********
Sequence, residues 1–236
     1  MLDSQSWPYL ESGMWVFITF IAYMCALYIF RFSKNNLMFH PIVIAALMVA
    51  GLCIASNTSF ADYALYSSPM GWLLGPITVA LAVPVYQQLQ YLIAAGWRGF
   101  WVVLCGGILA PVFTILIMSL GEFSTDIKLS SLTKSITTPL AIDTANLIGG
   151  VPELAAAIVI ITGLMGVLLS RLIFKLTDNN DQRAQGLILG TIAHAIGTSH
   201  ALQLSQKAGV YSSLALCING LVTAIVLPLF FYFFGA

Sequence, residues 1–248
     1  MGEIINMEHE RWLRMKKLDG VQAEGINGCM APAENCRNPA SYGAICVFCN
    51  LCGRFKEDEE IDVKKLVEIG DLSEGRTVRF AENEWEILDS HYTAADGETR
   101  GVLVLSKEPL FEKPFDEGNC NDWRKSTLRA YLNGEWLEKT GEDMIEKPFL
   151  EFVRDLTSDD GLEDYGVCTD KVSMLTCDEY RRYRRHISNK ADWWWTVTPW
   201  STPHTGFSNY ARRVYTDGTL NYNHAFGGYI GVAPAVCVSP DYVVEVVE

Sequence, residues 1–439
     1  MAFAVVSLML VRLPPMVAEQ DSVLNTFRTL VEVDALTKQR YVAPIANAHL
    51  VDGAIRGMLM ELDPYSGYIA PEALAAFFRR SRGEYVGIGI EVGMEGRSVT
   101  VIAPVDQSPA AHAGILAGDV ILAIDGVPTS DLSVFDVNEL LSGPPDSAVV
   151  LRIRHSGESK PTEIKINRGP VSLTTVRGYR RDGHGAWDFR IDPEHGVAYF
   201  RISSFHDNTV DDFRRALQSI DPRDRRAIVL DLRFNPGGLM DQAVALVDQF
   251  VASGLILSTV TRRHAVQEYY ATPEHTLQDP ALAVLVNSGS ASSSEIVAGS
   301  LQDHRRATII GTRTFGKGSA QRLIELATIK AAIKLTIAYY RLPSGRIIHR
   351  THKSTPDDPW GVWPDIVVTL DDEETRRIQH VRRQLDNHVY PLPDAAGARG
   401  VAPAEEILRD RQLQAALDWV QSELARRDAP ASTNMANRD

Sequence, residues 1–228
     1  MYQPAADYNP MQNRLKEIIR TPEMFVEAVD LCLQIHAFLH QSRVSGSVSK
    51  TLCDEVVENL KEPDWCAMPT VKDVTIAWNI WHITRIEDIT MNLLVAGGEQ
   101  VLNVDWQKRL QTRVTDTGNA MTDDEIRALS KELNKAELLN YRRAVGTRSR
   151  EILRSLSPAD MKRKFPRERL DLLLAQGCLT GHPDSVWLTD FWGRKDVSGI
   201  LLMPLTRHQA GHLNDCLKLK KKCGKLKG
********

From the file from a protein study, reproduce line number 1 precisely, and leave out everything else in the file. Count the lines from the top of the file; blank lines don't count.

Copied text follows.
Sequence, residues 1–236